We conclude, consistent with Zujko, that like an individual to whom MCL 28.735(3)(c) does not apply (because the individual did not reside within the student safety zone as of January 1, 2006), an individual who generally does meet that MCL 28.735(3)(c) requirement, but to whom MCL 28.735(3)(c) is wholly inapplicable by virtue of the “exception to the exception” set forth in the second sentence of MCL 28.735(3)(c), is subject to MCL 28.735(4). He or she must therefore “change his or her residence to a location outside the student safety zone not more than 90 days after he or she is sentenced for the conviction that gives rise to the obligation to register under article II.” MCL 28.735(4). However, as it did in MCL 28.735(3)(c), the Legislature has provided an exception where the individual “initiates or maintains contact with a minor within that student safety zone during the 90–day period.” MCL 28.735(4). In that event, such an individual is not entitled to the benefit of the 90–day allowance that subsection 4 otherwise affords.

In other words, where, as here, the current offense required registration under SORA, see MCL 28.723(1)(a); MCL 28.722(k), MCL 28 .722(s), and MCL 750.335a(2)(b), and the individual offender was not subject to an exception or, as here, the applicable exception was inapplicable, the individual generally would have a 90–day time period within which to change his or her residence. That is true even if, as here, the offense involved “contact with a minor within th[e] student safety zone.” MCL 28.735(3)(c). However, if the individual “initiates or maintains contact with a minor within that student safety zone during the 90–day period,” MCL 28.735(4), he or she loses the benefit of the 90–day period otherwise allowed to effect the change of residence.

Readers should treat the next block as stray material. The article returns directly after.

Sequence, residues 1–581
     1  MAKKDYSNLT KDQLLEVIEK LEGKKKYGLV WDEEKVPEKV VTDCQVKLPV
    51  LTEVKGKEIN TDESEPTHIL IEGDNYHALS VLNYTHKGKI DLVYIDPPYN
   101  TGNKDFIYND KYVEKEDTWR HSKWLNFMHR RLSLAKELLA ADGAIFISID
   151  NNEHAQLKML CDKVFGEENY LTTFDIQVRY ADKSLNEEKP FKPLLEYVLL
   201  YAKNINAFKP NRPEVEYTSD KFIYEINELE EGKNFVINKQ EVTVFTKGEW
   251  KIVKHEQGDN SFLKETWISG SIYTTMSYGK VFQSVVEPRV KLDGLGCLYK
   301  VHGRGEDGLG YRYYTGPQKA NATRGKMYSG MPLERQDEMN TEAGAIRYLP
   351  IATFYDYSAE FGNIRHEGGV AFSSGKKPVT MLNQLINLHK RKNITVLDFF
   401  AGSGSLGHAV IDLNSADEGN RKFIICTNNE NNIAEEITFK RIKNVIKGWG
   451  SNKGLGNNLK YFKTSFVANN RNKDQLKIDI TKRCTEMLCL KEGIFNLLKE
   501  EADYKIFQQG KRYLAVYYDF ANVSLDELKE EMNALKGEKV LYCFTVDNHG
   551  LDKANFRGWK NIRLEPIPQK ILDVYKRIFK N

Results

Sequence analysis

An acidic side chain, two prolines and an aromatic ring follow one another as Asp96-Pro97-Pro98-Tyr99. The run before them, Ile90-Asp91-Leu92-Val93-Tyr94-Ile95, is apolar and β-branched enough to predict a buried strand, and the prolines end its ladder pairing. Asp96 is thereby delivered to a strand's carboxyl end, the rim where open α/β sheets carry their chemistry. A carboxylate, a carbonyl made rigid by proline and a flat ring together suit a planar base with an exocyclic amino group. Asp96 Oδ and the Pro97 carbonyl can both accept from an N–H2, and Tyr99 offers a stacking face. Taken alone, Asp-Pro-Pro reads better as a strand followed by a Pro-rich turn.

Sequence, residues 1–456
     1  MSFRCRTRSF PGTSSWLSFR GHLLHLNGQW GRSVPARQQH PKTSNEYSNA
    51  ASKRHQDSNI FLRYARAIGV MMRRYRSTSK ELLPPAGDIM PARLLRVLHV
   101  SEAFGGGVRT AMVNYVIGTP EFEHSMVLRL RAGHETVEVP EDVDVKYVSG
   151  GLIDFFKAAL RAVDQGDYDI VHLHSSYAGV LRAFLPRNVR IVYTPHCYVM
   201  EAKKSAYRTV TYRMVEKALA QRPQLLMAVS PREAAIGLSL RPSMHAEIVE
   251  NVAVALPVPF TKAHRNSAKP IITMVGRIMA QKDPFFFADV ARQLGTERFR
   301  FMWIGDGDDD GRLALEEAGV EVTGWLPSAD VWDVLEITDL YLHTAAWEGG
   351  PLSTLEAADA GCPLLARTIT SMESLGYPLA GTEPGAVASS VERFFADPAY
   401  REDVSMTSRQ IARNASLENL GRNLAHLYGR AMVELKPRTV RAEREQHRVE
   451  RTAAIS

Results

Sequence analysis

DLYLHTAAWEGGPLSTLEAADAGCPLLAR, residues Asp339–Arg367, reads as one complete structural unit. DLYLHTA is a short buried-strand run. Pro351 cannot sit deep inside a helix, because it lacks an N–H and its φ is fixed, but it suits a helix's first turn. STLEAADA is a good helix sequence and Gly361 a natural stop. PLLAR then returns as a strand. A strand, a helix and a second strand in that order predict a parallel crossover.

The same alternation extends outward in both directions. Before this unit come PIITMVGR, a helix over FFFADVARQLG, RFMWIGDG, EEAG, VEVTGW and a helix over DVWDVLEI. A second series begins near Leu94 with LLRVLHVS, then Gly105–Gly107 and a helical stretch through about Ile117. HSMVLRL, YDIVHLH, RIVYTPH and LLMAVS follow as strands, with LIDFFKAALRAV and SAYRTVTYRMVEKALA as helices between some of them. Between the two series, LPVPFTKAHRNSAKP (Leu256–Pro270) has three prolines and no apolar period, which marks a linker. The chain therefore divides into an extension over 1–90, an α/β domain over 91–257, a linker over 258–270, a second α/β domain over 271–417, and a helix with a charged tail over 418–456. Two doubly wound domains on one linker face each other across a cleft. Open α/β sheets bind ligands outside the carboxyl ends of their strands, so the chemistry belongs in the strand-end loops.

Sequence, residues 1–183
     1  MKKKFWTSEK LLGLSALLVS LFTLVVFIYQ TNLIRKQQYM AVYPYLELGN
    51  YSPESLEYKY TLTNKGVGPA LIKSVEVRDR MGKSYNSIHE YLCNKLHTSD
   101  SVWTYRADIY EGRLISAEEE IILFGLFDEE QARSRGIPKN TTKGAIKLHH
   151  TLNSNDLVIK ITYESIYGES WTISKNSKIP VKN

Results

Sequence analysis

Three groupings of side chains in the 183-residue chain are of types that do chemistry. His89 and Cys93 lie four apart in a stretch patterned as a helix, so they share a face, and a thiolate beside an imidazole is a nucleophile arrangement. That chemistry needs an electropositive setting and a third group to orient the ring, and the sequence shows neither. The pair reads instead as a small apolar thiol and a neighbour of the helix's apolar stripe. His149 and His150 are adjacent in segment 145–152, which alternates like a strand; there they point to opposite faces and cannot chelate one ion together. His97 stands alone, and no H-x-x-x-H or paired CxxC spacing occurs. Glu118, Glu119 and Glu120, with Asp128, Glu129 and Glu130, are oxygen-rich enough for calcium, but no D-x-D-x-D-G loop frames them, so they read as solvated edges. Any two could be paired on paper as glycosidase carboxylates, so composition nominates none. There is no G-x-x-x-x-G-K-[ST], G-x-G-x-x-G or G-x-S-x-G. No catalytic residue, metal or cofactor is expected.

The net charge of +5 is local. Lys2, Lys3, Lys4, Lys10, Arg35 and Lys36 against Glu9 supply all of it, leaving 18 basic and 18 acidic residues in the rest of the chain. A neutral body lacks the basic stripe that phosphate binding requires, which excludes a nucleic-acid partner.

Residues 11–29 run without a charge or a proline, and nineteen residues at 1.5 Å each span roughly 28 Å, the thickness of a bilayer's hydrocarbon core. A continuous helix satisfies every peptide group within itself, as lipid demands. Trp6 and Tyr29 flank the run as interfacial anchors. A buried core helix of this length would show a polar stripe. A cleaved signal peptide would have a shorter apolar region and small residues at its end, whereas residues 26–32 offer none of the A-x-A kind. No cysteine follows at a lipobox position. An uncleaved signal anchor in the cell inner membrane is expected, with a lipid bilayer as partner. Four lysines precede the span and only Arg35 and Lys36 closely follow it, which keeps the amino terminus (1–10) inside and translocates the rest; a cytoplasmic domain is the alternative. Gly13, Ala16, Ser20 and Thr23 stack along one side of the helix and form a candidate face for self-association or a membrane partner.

Consequently, because defendant's current offense involved “contact with a minor within th[e] student safety zone,” MCL 28.735(3)(c), the exception set forth in the first sentence of that subsection is inapplicable, and defendant must therefore vacate his residence within the student safety zone pursuant to MCL 28.735(1). Pursuant to MCL 28.735(4), he must do so within 90 days of his sentence. If he were to initiate or maintain contact with a minor within that student safety zone during that 90–day period, he would lose the benefit of that 90–day allowance.

We therefore find that the “exception to the exception” set forth in the second sentence of MCL 28.735(3)(c) is satisfied by the conduct of the instant offense that caused defendant to have to register as a sex offender, reverse the trial court's order denying plaintiff's request to order defendant to vacate his residence as a term of probation, and remand for resentencing with that added term of probation.

Reversed and remanded. We do not retain jurisdiction.

FOOTNOTES

1.  People v. Francis Steven Mineau, unpublished order of the Court of Appeals, entered June 21, 2013 (Docket No. 313178).

2.  The exact nature of defendant's prior conviction was not specified in the record before us, and we have not been provided with a copy of defendant's presentence investigation report. Nevertheless, defendant has not disputed the prosecutor's description of the 1999 incident.

3.  We similarly find no temporal component in the Legislature's use of the word “required” in MCL 28.735(1). The Legislature could have prohibited only those individuals who were required to register before committing a current offense from residing in a student safety zone. It did not do so, however. Rather, by the plain language of the statute, defendant is, by virtue of his current offense, “an individual required to be registered” under SORA. He is therefore prohibited under that section from residing in the student safety zone.

4.  In arguing that an individual did not fall within the MCL 28.735(3)(c) exception unless he or she was a registered sex offender as of January 1, 2006, the prosecution contended that the trial court's contrary interpretation would render MCL 28.735(4) nugatory. This Court rejected that position.

BOONSTRA, J.